“The New York City subway system opened in 1904, and early in its existence, to provide for safe operations, various measures were put in place to ensure that trains were not operating in an overspeed condition. These measures ensured sufficient stopping distance between trains, based on the braking capacity of the following train. They also provided for safe operation at turnouts, on curves and grades, and when approaching a train stopped in a station.

“One simple measure was placing civil speed restrictions—essentially, wayside-posted speed limits—at various locations that that require reduced speeds throughout the system. The speed limits were designed to consider the operating characteristics of the trains that were in service at the time as well as track geometry.

“Another measure involved use of grade time signals (timer signals) connected to timing devices set to trip a train’s emergency brakes with in-track trip-stops if the train passed at a higher speed than allowed. This fail-safe system ensured safety by stopping a train if it was operated too fast at a fixed point.

“Over the decades, car design and track geometry have improved, allowing trains to maintain stability and safe operation at higher speeds, but the speed limits were not always changed to reflect these advancements in safety and comfort. Meanwhile, timer signals continued to be installed throughout the subway system, with an uptick after two fatal crashes in the 1990s—one at Union Square and one on the Williamsburg Bridge (which also prompted NYCT’s migration to CBTC). Eventually, the number of timer signals grew to approximately 2,000 system-wide. Over time, a number of these signals became overly restrictive due to a number of reasons, including wear and tear, and rail replacements that did not restore timer equipment with complete precision. This can cause trains to operate at slower speeds than they were actually intended.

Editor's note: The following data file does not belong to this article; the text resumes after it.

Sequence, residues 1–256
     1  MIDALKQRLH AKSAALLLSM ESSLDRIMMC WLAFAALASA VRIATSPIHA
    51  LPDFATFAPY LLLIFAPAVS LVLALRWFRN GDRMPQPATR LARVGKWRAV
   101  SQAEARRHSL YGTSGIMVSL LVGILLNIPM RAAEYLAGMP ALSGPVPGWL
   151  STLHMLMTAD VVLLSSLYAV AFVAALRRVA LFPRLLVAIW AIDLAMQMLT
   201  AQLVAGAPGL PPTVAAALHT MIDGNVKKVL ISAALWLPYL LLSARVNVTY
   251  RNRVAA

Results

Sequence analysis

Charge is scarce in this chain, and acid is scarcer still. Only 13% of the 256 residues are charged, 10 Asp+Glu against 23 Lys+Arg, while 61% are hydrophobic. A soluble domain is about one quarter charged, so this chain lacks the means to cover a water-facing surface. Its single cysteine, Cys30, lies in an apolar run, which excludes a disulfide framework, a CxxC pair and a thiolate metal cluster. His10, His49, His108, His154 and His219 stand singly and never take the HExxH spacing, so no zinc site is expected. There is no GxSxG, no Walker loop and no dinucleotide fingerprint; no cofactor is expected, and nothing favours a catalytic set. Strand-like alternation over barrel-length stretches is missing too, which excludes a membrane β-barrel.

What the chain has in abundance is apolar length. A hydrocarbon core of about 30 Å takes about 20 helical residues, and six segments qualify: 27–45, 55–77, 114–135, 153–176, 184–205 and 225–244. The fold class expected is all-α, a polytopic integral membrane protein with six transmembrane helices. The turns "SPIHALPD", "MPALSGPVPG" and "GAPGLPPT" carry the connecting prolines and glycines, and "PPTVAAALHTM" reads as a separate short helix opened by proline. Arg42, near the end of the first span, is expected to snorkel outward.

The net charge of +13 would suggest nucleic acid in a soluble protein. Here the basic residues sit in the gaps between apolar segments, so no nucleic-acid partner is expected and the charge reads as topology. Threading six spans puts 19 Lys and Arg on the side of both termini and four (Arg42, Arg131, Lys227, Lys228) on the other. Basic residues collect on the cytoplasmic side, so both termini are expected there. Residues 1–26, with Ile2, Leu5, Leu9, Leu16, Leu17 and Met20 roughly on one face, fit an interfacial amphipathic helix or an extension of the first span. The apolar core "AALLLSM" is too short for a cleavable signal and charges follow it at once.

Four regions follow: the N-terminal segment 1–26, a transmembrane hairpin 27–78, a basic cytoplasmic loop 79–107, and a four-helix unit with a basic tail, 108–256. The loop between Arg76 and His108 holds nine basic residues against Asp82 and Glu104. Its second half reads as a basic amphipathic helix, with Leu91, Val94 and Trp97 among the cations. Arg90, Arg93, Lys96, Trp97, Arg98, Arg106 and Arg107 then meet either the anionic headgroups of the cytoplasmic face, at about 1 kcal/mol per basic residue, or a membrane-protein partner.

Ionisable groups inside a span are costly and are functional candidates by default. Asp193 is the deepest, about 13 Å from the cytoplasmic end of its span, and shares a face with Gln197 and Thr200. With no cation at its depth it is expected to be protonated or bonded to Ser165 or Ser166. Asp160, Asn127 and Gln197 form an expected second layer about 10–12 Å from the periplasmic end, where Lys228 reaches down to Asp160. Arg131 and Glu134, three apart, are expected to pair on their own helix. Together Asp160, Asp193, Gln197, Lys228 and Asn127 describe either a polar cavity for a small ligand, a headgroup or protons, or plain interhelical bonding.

“Both safety measures, which have been extremely effective at their intended goal of preventing accidents, had the unintended consequence of slowing some trains and causing delays by forcing trains to go slower than safely able or allowed.”

Excellent resources on the technology of the New York City subway system are Railway Age Contributing Editor Alfred E. Fazio P.E.’s books, Development and Operation of New York’s IRT and BMT, and The BMT – A Technical and Operational History, both available through Simmons-Boardman Books.